Tech

Should digital giants be subject to the same standards as media firms?

Should digital giants be subject to the same regulatory standards as media firms to combat fake news?

Sue Todd, chief executive of Magnetic, the trade body for magazine media, says YES.

The rise of fake news has undoubtedly brought a core strength of established publishers to light – which is the trust they elicit in their audiences. We found in our own research that 70 per cent of audiences trusted established titles, such as magazines, whereas only 30 per cent of respondents said they trusted social media.

This trust is not serendipitous. It is earned. Publishers work under tight editorial control and independent regulators like IPSO strive to ensure that all published content is of the requisite quality – and this quality is maintained whether the content exists in print or online. This guidance builds an environment that is not only beneficial to audiences, but to brands and advertisers too.

Ultimately, media companies and their audiences benefit from conforming to proper standards. If the digital giants truly want to win back the trust of their audiences and the industry, then they must work to higher standards.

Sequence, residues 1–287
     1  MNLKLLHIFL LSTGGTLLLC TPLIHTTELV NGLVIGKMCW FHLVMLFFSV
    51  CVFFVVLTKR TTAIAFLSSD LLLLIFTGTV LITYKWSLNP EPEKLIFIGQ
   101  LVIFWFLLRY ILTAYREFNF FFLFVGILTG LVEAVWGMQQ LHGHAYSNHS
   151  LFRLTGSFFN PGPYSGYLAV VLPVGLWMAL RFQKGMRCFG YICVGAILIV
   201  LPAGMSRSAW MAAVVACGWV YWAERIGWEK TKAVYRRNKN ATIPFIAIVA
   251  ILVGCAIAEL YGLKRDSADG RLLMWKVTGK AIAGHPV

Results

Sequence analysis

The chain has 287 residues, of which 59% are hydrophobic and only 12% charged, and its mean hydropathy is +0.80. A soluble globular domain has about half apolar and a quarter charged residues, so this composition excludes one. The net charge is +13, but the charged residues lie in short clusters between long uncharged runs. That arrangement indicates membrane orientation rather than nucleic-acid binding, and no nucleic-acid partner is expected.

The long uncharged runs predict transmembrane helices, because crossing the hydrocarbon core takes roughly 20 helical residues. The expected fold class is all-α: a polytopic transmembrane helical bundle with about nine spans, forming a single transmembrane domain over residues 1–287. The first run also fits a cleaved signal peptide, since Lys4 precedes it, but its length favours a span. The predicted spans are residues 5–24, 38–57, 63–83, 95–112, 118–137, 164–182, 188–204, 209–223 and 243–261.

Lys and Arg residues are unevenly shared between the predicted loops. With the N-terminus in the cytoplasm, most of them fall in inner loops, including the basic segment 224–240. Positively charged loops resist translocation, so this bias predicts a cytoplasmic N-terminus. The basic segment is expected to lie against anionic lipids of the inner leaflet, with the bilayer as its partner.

Read more: DEBATE: Will the EU copyright reform break the internet?

Leon Emirali, media entrepreneur and investor, says NO.

The beauty of social media is that it relies on user-generated content to give a voice to the otherwise voiceless. The huge benefits this brings would be dangerously stifled by over-regulation.

Digital giants such as Facebook and Twitter have never professed to be news outlets; they are designed to be forums for sharing opinions and creativity. Instead, the focus needs to be on educating individuals on how they should interact with content online and to question the veracity and accuracy of what they consume.

There are too many grey areas concerning “fake news”, and any state-enforced regulation around what can and cannot be posted on social media is dangerous territory. Politicians see tech companies as easy targets, and supposed efforts to protect the public will be counterproductive if they result in regulation and censorship.

“Fake news” online is a new phenomenon that we need to take time to understand. I fear politicians will act in haste which will leave society worse-off as a result.

Read more: Facebook has yet to convince MPs in its response to Cambridge Analytica

Original Article

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